By Hans Kaper and Hans Engler
On April 22, science went public in a major way. For the first time, thousands of scientists gathered in Washington, D.C., and transformed Earth Day into a tribute to science.
The concept of a March for Science originated in social media discussions, similarly to the Women’s March on Washington in January. Support grew rapidly. The American Association for the Advancement of Science (AAAS) partnered with the march, which evolved into a mass movement within the scientific community in the U.S. and around the world. Numerous professional organizations, including SIAM, endorsed the goals of the march: to call for science that upholds the common good and for political leaders and policy makers to enact evidence-based policies in the public interest. What started locally grew into a global phenomenon, with events held in more than 600 cities on six continents. The following are some of our impressions of the events that took place in Washington, D.C.
The rally itself kicked off at 10 a.m. at the Washington Monument on the National Mall. The four-hour program featured an impressive lineup of prominent speakers representing a broad range of ages, backgrounds, and expertise, including Denis Hayes (co-founder of the first Earth Day in 1970), Bill Nye the Science Guy, and YouTube star Tyler DeWitt. The program concluded with a Twitter message from none other than Pope Francis.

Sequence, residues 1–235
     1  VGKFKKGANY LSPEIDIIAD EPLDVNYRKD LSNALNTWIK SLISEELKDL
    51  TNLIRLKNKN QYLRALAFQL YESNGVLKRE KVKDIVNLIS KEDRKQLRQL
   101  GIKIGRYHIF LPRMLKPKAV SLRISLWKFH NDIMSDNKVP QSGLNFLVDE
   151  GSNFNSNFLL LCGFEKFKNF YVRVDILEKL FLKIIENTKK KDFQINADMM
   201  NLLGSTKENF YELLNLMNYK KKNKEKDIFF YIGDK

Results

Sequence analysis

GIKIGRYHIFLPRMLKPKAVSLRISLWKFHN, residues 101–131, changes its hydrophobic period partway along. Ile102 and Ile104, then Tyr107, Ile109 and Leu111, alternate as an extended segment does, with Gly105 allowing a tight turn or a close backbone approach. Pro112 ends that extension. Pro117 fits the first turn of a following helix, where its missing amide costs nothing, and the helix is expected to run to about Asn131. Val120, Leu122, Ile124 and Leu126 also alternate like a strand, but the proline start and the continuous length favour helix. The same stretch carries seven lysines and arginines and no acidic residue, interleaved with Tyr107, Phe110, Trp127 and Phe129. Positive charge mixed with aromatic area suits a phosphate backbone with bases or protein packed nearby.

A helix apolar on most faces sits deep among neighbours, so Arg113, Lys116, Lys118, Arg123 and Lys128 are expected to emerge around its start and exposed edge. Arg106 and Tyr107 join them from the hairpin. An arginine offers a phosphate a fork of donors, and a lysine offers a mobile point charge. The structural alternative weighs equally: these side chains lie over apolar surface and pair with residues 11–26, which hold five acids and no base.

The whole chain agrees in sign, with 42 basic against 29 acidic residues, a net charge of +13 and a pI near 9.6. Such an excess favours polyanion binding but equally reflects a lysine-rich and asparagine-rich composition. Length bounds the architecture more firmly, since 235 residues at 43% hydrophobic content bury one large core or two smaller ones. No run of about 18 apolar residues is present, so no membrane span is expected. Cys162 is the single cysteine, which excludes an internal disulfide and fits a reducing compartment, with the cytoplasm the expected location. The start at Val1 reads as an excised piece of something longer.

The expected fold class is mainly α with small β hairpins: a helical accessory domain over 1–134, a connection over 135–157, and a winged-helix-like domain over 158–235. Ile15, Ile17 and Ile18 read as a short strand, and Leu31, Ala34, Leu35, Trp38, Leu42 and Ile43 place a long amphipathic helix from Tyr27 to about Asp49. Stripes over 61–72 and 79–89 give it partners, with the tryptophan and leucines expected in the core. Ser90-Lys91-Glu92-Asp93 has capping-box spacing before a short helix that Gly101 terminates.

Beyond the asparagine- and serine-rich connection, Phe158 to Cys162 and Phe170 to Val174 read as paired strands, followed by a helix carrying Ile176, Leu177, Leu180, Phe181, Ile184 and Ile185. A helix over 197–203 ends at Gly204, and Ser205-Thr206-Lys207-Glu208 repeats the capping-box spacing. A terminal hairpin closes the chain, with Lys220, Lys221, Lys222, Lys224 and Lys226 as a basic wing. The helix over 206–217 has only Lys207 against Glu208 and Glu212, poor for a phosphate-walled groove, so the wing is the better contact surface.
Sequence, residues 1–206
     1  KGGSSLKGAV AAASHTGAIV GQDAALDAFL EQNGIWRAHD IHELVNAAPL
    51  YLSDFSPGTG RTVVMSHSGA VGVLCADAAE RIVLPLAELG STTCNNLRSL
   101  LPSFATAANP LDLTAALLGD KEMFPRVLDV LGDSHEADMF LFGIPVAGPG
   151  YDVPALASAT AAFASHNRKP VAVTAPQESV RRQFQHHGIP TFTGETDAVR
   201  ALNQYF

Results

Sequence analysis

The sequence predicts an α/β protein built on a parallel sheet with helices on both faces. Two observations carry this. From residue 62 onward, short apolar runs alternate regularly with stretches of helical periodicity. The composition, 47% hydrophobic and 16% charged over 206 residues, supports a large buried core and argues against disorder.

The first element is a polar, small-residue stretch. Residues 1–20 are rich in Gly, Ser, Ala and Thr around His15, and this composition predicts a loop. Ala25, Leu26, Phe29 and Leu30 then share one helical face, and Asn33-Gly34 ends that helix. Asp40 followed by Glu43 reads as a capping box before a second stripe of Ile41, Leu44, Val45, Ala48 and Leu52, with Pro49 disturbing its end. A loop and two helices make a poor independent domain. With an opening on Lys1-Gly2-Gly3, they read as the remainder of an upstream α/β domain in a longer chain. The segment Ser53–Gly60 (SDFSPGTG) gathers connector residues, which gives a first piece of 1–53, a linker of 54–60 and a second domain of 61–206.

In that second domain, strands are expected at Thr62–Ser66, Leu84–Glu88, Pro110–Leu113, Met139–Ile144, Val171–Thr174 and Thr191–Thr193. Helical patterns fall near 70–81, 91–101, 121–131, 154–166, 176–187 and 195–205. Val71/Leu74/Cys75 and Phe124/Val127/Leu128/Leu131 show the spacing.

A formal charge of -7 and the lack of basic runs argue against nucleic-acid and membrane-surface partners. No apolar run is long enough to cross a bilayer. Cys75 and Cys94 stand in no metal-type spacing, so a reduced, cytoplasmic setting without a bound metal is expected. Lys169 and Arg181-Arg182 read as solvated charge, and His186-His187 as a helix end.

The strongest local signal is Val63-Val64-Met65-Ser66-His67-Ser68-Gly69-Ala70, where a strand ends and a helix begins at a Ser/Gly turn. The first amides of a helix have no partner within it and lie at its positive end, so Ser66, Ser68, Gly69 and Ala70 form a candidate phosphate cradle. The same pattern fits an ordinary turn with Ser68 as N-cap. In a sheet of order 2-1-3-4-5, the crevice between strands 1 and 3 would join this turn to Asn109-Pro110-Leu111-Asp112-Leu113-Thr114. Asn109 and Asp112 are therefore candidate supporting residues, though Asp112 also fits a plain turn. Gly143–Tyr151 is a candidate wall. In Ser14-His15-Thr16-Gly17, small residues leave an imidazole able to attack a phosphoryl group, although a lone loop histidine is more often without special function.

The collective events offered several powerful take-home messages, some of which we outline here. Science is at a critical juncture. The scientific method is under attack, and individuals and interests with the power to do real harm are threatening the very idea of evidence, logic, and reason. We, as members of the scientific community, must go public and explain our work to general audiences. It behooves us to make people aware of our research and its benefits to society. Scientists should talk to people, instead of at them. We should not complain about slashed funding if we cannot tell taxpayers why science matters.
Following the rally, the crowd marched down Constitution Avenue, from the Washington Monument to the foot of Capitol Hill. While a rally is more or less a static affair, participants of the march demonstrated solidarity — vocally by chanting in unison or in waves along the parade route, and visually by showing off their signs. Here are some of our favorites:
Favorable weather forecasts earlier in the week took a turn for the worse, and march day turned out to be soggy and wet. Still, most people endured and kept their spirits high. Although we were all soaked at the end of the day, it felt good to have been part of this unprecedented event.
Hans Kaper, founding chair of SIAG/MPE and editor-in-chief of SIAM News, is an adjunct professor of mathematics at Georgetown University. Hans Engler is a professor of mathematics at Georgetown University. He currently chairs the SIAM Activity Group on Mathematics of Planet Earth.